At least 200 people, mostly women and children, abducted by extremists in northeastern Nigeria

ABUJA, Nigeria (AP) — Islamic extremists have kidnapped at least 200 people looking for firewood, mostly women and children displaced by violence in northeastern Nigeria, the United Nations office in the country said.

The locals blamed the attack Islamic extremist rebels who launched an uprising in Borno in 2009 to establish their radical interpretation of Islamic law in the region. Many of those fleeing the deadly violence are in displacement camps with limited helpoften risking their lives to go to areas where security is inadequate in search of food and firewood.

The victims of the latest attack had left several displaced persons camps in Gamboru Ngala council area of ​​Borno state when they were ambushed and taken hostage near the border with Chad, the UN said late on Wednesday. The incident took place several days ago, but details are only now emerging due to limited access to information in the area.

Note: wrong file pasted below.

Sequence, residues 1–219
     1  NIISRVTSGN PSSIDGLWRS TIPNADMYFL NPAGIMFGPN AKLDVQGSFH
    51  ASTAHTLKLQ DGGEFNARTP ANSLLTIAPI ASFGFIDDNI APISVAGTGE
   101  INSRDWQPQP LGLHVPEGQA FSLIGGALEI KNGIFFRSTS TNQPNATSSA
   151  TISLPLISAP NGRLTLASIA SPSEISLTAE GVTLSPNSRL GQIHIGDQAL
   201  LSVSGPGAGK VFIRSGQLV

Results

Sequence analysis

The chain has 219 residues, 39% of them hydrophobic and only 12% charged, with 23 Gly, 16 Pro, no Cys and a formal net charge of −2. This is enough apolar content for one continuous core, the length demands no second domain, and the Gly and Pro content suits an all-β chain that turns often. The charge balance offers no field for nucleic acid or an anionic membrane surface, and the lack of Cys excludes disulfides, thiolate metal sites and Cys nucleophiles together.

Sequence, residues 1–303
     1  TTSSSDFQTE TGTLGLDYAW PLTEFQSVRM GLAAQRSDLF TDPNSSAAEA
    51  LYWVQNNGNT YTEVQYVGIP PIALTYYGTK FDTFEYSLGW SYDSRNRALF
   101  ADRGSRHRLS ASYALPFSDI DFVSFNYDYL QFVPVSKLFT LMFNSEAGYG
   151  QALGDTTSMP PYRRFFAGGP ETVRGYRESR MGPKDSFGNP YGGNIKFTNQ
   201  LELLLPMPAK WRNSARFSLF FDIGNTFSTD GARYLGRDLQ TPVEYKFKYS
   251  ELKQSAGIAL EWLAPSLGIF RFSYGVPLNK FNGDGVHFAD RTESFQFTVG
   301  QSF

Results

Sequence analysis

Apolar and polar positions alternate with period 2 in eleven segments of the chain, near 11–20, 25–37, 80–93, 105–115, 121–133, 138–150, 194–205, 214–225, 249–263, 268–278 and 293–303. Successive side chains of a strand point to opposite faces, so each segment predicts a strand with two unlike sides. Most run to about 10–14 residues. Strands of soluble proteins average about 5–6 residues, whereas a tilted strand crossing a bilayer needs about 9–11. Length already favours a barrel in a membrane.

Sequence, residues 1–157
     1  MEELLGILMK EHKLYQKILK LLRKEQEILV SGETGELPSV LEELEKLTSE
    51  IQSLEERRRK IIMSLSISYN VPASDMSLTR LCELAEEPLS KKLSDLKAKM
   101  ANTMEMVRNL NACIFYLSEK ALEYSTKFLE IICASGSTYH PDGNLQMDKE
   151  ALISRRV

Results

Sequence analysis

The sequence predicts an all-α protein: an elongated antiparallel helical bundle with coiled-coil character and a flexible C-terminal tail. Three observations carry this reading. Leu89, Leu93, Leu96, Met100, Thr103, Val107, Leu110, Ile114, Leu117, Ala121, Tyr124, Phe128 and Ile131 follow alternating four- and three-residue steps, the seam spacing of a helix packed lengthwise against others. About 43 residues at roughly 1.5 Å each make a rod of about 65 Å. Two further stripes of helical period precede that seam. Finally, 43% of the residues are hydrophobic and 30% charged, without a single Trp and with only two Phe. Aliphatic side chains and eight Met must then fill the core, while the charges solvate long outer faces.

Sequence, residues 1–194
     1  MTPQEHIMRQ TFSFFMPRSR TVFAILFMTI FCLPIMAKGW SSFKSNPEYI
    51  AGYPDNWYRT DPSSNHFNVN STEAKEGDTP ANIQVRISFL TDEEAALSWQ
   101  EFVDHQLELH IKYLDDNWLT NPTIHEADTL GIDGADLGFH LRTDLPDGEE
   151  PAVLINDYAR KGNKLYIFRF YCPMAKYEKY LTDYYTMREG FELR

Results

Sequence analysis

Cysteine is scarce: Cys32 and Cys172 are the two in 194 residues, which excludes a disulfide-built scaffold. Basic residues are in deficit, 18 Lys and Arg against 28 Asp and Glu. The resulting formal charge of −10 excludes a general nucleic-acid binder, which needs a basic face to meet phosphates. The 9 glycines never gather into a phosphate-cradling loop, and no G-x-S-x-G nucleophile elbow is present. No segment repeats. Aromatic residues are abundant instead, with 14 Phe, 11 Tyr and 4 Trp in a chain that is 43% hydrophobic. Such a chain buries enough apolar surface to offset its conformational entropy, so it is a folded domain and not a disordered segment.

“The exact number of people kidnapped remains unknown but is estimated at more than 200 people,” Mohamed Fall, the UN humanitarian coordinator for Nigeria, said in a statement, adding that some of the victims were later released.

The latest attack is a “stark reminder” that women and girls bear the brunt of the conflict, Fall said, calling for the immediate release of the victims. “This act of violence against already traumatized civilians insults our common humanity,” he said.

At least 35,000 people have been killed and more than 2 million displaced as a result of violence by the militant Boko Haram group and a breakaway faction backed by Islamic State.

The Nigerian security forces fighting the insurgents are overstretched as they too battle dozens of armed groups attacking remote communities in other parts of the northern region. The crises have increased pressure on Nigerian President Bola Tinubu, who was elected last year after pledging to end the violence.


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